So excited to share this review from Bluegrass Today of our debut High Fidelity record!!! Click the link to read the review. Big thanks to John Lawless for the review we could have only dreamed of!!!
Traditional bluegrass band High Fidelity has just released their debut album. The self-titled release features 13 tracks of straight-ahead traditional bluegrass. The record for the most part showcases the band in four-piece fashion, with Jeremy Stephens on guitar and vocals, Corrina Rose Logston on fiddle and vocals, Kurt Stephenson on banjo and vocals, and Vickie Vaughn on bass. Mandolinist Daniel Amick contributes on a handful of selections. All songs were cut live in one room with minimal isolation, similar to how recording was done by the first generation bluegrass pioneers whom the band draws its inspiration from.
High Fidelity formed in 2014 and won the 2014 SPBGMA International Band Championship. They are performing a select number of dates in 2016. For purchasing information on their new album, contact High Fidelity at firstname.lastname@example.org. Visit High Fidelity on Facebook at www.facebook.com/highfidelitybluegrass and on Twitter at www.twitter.com/highfidelitybg.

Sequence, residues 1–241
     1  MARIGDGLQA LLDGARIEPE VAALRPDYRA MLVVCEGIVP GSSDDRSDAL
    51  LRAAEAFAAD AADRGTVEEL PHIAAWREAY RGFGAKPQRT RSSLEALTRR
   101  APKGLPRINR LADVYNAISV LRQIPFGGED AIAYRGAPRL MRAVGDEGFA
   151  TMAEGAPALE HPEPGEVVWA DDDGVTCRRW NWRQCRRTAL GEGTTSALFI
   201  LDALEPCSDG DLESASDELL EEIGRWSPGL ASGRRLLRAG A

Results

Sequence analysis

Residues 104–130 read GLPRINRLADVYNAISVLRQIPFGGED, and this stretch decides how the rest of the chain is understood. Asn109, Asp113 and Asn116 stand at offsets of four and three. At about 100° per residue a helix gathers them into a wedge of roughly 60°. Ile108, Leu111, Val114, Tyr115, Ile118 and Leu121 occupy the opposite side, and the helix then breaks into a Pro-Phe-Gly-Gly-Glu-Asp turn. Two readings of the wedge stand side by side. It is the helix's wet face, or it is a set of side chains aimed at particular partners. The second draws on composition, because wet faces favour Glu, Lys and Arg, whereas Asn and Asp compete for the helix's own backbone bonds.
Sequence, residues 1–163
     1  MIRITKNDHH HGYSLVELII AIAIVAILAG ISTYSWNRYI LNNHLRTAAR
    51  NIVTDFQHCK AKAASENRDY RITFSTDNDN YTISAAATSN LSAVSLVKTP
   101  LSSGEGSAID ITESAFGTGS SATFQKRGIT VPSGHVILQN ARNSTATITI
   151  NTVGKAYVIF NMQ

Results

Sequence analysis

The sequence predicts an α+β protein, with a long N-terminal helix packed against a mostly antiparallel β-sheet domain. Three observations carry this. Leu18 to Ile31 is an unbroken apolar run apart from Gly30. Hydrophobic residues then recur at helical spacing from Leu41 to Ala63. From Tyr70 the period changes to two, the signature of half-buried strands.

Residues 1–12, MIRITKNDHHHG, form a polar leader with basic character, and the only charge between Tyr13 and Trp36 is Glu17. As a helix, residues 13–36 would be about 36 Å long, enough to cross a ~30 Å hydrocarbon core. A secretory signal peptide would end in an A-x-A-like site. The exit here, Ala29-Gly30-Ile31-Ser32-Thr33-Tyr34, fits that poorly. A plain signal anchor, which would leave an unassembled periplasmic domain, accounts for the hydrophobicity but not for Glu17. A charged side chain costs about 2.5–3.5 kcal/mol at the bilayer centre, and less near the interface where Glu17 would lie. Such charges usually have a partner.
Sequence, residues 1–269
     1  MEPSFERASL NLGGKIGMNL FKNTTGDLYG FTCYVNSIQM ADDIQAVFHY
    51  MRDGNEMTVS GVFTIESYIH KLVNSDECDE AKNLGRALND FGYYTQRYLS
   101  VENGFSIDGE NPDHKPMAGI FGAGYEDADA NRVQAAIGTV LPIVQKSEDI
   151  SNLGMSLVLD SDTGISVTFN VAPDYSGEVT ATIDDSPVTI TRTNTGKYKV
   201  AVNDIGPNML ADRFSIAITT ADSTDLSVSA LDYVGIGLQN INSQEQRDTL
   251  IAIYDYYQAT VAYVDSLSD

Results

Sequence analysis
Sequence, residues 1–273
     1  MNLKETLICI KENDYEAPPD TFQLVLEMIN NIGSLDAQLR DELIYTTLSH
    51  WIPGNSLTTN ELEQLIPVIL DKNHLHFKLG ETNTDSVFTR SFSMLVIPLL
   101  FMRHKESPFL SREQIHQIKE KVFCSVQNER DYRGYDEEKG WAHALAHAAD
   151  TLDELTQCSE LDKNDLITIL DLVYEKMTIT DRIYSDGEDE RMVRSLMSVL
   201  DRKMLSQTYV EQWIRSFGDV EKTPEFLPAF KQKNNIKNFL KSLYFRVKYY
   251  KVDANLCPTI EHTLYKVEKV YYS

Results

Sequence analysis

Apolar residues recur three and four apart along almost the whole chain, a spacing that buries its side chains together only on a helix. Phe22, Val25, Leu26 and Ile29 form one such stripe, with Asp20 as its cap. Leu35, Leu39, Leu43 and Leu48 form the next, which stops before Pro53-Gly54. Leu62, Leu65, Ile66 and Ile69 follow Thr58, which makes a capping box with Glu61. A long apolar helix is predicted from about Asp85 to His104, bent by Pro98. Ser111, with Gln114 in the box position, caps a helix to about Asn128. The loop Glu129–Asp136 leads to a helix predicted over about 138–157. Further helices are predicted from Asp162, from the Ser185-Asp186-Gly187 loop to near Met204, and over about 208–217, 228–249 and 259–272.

On February 2, 2014, at the 40th anniversary SPBGMA Bluegrass Music Awards & 31st National Convention, High Fidelity was announced as the winner of the International Band Championship. High Fidelity, consisting of Corrina Rose Logston (fiddle/vocals), Jeremy Stephens (guitar/vocals), Kurt Stephenson (banjo/vocals), Vickie Vaughn (bass), and Daniel Amick (mandolin), performed in the style of traditional bluegrass for all three rounds of the band contest. While they wanted to do well, the members were shocked at the announcement that they had won.
“I cried like a baby,” said Corrina. “There were so many good bands in that contest. It was a very emotional experience for me, especially because we had committed to doing all traditional bluegrass. As far as I understand, we were the only group to do that. It means so much to me that we were able to represent traditional bluegrass and to do so to this level of recognition. Because to me, it isn’t just a win for us — it says, ‘This music is still relevant — this music is still meaningful.’ It will always hold the utmost meaning to me.”